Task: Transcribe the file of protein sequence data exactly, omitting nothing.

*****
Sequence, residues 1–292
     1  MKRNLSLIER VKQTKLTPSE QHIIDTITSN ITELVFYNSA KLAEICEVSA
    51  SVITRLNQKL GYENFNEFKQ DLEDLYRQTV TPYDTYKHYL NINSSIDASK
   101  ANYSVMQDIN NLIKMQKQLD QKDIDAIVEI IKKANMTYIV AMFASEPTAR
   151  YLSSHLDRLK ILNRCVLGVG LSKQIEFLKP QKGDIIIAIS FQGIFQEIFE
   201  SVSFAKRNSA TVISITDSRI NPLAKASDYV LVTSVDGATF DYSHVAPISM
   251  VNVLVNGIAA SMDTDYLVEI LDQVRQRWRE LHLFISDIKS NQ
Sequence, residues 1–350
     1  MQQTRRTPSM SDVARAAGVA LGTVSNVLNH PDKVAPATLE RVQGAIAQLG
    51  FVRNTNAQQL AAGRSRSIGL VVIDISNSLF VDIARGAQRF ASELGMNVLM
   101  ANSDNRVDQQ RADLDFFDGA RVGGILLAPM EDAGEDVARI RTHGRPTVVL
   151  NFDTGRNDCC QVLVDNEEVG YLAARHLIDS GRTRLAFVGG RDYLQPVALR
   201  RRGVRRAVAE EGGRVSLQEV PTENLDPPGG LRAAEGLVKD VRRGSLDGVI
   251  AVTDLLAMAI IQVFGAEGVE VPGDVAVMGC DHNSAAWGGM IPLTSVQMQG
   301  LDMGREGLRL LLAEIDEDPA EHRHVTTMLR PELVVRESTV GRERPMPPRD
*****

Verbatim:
Sequence, residues 1–292
     1  MKRNLSLIER VKQTKLTPSE QHIIDTITSN ITELVFYNSA KLAEICEVSA
    51  SVITRLNQKL GYENFNEFKQ DLEDLYRQTV TPYDTYKHYL NINSSIDASK
   101  ANYSVMQDIN NLIKMQKQLD QKDIDAIVEI IKKANMTYIV AMFASEPTAR
   151  YLSSHLDRLK ILNRCVLGVG LSKQIEFLKP QKGDIIIAIS FQGIFQEIFE
   201  SVSFAKRNSA TVISITDSRI NPLAKASDYV LVTSVDGATF DYSHVAPISM
   251  VNVLVNGIAA SMDTDYLVEI LDQVRQRWRE LHLFISDIKS NQ
Sequence, residues 1–350
     1  MQQTRRTPSM SDVARAAGVA LGTVSNVLNH PDKVAPATLE RVQGAIAQLG
    51  FVRNTNAQQL AAGRSRSIGL VVIDISNSLF VDIARGAQRF ASELGMNVLM
   101  ANSDNRVDQQ RADLDFFDGA RVGGILLAPM EDAGEDVARI RTHGRPTVVL
   151  NFDTGRNDCC QVLVDNEEVG YLAARHLIDS GRTRLAFVGG RDYLQPVALR
   201  RRGVRRAVAE EGGRVSLQEV PTENLDPPGG LRAAEGLVKD VRRGSLDGVI
   251  AVTDLLAMAI IQVFGAEGVE VPGDVAVMGC DHNSAAWGGM IPLTSVQMQG
   301  LDMGREGLRL LLAEIDEDPA EHRHVTTMLR PELVVRESTV GRERPMPPRD